Where your e-mails go when your main mail server decides it doesn't want to talk to you anymore... --Kazuhiko
Ooooh... I wasn't aware that this system worked. How well does it cope with, say, 90% uptime but twelve hour outages on the primary mx? It'd be kinda nice to have my own mail domain, but I was under the impression that all my mail would just bounce while my system was down. --Vitenka
Well, no. Should work fine, since the sender should keep retrying for a few days before giving up. Believe me, if the sender gave up after the first try, almost nothing would get through to several big mail systems I know of, mentioning no names Hotmail. -- Admiral
The idea is your DNS records contain a list of servers that accept mail for your domain, along with priorities. SMTP/DNS specs say mail goes to the highest priority (i.e. numerically lowest) server that's up. If none are up, mail is queued by the sender which retries for (typically) several days before giving up. The exact details of which servers are up or down don't matter, nor does it matter how long they're up or down for.
You want to get someone other than yourself to provide the low-priority servers, because if your network is down so are all your servers. Typically, the low-priority offsite servers are set up to hold incoming mail in a spool and keep trying to send it to a higher-priority server until one accepts it; that way it all eventually ends up somewhere your users can read it. You have to negotiate for spool space with whoever is providing your backups, based on how long you expect things to go down for at a time and how much mail you get in that time - from this point of view, expected outages matter.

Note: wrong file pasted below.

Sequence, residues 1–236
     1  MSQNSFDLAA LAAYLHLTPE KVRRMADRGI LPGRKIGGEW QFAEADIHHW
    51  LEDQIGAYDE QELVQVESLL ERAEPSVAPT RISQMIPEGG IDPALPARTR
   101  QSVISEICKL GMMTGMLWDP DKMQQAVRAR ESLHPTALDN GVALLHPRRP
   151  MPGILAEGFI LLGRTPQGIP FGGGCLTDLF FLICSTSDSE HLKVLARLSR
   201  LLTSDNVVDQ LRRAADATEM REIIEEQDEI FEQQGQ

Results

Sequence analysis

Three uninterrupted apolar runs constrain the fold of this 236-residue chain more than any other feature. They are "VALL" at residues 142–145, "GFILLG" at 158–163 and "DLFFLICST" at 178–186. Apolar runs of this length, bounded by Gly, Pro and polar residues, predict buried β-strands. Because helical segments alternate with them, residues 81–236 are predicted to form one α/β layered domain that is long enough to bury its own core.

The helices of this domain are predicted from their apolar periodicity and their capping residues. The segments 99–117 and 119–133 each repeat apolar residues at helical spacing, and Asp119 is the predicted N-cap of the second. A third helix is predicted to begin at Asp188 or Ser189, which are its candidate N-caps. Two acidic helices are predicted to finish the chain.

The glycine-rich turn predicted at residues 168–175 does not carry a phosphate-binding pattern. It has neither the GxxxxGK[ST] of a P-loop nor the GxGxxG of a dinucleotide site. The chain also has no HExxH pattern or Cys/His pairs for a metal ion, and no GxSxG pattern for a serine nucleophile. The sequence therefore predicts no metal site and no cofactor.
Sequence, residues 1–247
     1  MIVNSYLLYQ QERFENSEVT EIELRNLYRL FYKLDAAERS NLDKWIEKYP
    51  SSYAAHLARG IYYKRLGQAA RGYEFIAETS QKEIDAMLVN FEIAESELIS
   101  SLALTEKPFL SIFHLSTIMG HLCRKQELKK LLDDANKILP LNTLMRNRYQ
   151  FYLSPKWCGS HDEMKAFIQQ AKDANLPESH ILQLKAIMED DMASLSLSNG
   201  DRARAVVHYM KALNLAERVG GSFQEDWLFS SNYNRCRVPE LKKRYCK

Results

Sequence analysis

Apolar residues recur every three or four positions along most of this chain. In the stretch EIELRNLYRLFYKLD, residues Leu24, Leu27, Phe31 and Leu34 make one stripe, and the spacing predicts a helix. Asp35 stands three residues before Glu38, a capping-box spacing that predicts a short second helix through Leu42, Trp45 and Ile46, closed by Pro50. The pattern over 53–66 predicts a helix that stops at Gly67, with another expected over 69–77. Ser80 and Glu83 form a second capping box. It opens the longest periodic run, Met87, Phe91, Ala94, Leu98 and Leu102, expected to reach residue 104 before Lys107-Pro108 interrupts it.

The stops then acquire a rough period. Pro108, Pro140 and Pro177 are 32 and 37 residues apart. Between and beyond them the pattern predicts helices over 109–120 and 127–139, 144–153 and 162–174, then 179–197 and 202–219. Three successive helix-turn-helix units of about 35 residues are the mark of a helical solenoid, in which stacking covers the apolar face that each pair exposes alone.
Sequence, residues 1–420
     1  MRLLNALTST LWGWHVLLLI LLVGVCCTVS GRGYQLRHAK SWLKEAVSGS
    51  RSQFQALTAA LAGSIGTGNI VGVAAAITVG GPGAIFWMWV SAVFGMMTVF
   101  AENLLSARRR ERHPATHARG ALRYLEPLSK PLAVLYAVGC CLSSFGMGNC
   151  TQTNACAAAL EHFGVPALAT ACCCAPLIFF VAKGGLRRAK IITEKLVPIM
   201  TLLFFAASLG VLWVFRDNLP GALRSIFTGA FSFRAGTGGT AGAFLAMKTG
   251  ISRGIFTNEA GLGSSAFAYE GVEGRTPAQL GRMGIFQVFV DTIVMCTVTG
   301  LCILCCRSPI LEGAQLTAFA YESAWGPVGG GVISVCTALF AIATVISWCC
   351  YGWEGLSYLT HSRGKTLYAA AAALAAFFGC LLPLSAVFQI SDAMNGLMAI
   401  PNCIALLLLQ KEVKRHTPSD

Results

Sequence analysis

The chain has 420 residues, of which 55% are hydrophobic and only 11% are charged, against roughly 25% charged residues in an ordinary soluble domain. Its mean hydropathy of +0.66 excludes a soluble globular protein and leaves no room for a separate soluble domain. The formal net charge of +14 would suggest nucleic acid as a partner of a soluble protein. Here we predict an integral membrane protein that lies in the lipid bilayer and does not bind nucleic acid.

Having read our downtime record, BlackCatNetworks? decided to charge us a tenner a year for the service.
Well, I have significantly more downtime because I take stuff down to play ComputerGames?. How much would you charge me to be secondary? (I could be tertiary for you, but I'm down more often than you are) Then again, with luck, my downtime will go away soon, once I get this 'nix set up. --Vitenka
Dunno. You're just one person - it's not like you're gonna get huge wodges of mail. And it's not like we're professional, and we almost know you :) Don't see how we could charge, really ;) - MoonShadow
It's only sensible to have a secondary MX if you have administrative control over it or can at least cause it to accept the same set of local parts as your primary MX. Otherwise the secondary has to construct a bounce for any misaddressed mail when it attempts to forward it to the primary, rather than just sending a 5xx SMTP response. This used to be a minor inconvenience; with large quantities of spam having bogus return paths it's more serious today. (Since senders retry, having backoff MX hosts adds less reliability than people seem to think; better therefore to do away with the extra complexity.)